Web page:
“Ogletree said the Reparation Assessment Group includes attorneys [Johnnie] Cochran and Alexander J. Pires Jr., who won a $1 billion settlement for black farmers who claimed discrimination by the U.S. Department of Agriculture; Richard Scruggs, who won the $368.5 billion settlement for states against tobacco companies; Dennis C. Sweet III, who won a $400 million settlement in the “phen-fen” diet drug case; and Willie E. Gary, who won a $500 million judgment against the Loewen Group Inc., the world’s largest funeral home operators.
“Also in the group is Randall Robinson, president of the TransAfrica Forum, a think tank specializing in African, Caribbean and African-American issues. Robinson recently wrote the book “The Debt: What America Owes to Blacks,” which argues for reparations.”
The question that we must ask is this: What happened to this reparations effort and can it be renewed? In fact, can it be renewed with a national push greater than any collective black effort of the last 50 years?
There is no doubt that a reparations lawsuit would be justified, for even the most determined racist can’t deny what’s been done to black people over the last 400 years. What’s interesting, however, is that America has been led to believe that you can erase an atrocity by simply not repeating it. You cannot make amends for damage you’ve done to others by pretending that it didn’t happen and promising that you’ll never do it again. You must start with a sincere apology and then begin the process of reversing the harm that has been done. America has refused to do this.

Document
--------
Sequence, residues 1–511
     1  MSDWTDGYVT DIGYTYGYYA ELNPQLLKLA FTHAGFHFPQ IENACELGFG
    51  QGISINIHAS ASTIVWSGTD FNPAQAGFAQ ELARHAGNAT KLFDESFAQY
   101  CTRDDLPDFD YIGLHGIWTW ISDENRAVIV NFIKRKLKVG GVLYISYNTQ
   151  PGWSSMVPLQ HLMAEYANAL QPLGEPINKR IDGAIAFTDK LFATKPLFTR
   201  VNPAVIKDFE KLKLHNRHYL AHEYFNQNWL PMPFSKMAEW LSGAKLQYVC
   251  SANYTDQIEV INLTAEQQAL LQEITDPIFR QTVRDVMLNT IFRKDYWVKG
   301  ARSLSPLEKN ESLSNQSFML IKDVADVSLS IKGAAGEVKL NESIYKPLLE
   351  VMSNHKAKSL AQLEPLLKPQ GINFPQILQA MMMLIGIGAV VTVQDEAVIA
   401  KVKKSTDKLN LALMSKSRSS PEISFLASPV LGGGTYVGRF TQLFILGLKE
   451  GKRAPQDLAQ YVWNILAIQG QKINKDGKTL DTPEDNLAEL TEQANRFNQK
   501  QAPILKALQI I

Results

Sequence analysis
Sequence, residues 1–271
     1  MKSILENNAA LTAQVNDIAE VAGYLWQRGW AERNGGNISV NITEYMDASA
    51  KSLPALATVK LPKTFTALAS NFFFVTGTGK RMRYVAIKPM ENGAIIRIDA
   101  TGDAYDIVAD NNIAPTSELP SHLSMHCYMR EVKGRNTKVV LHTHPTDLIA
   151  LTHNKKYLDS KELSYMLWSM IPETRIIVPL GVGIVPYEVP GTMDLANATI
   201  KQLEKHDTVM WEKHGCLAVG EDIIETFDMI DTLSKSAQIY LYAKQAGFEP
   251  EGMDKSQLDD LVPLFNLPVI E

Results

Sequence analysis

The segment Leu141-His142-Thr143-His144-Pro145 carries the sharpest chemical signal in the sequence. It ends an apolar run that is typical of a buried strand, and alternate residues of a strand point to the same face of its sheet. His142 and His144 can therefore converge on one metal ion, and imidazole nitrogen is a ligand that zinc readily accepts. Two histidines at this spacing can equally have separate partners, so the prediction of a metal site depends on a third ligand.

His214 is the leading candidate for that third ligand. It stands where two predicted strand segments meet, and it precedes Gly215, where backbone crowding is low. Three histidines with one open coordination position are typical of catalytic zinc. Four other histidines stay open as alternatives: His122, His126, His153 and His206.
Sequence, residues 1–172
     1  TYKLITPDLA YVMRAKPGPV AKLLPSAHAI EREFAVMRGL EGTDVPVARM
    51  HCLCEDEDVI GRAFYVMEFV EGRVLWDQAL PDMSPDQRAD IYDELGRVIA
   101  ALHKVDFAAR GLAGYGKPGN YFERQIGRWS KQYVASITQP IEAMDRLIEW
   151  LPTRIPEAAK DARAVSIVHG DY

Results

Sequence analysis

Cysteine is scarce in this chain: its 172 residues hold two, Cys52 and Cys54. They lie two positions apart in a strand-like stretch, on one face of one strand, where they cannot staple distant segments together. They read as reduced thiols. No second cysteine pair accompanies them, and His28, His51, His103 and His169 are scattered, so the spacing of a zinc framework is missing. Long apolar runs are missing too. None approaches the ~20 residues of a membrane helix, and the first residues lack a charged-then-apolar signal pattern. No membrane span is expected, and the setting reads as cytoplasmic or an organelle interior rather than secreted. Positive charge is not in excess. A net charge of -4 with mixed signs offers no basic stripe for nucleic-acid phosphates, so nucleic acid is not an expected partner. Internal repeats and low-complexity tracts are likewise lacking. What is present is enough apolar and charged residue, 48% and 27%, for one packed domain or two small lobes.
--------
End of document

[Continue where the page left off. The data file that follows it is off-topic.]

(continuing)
What’s also interesting about the reparations struggle is that we are probably NEVER going to get white America’s blessing to pursue this fight. People will never like you for taking money that they think belongs to them, and will always find counterarguments to explain why nothing is owed to black people for what we’ve gone through. You’ll be accused of being a trouble maker, race-baiter and all the other terrible names black people are called when they simply demand fairness.
Therefore, the battle is not just a legal or economic one, but a spiritual one, only designed for those who have the fortitude to care enough about their community that they are willing to upset some powerful people and close friends in the process. Battles like this aren’t won by a simple measure of right and wrong. They are won by those who accumulate the power to impose their will on those who seek to contain them.
When I served as the keynote speaker at the National Black Law Students Association Convention in 2008, I noticed there was an interesting mix of young legal professionals. There were some who understood their role as champions for the black community, and there were some who did not. My greatest concern was that I saw quite a few young students who’d been trained to live a docile, meaningless existence as the cog of a giant wheel within any law firm that paid them the most money. They didn’t seem to care what kind of work they did, as long as they had a chance to drive a Mercedes.
I’m a Finance Professor, so I know the value of money. But as a human being, I also know the limitations of living a one-dimensional lifestyle, where money drives your passion. Instead of letting the tail wag the dog, it might be more fulfilling to let your passion drive the money instead. Our young people will never learn this if we continue to teach them that the goal of any educational experience is to be a “good boy” so that a friendly white man will hire you to do meaningless work that does almost nothing for your community.
This is not to say that money doesn’t matter, this entire article is about money. But money must also be attached to MEANING. What I respect the most about the Willie Garys of the world, along with Ogletree and others is that they’ve been able to become wealthy attorneys while still doing work that matters. I make this point to reiterate that the attorneys who win the reparations battle aren’t going to necessarily be the ones with the most legal skill. Instead, it will be won by the attorneys who understand the importance of targeting your skill and energy toward work that will impact the lives of those you care about. That’s the difference between a decent career and one that is truly transformative.
Who will be our next Johnny Cochran?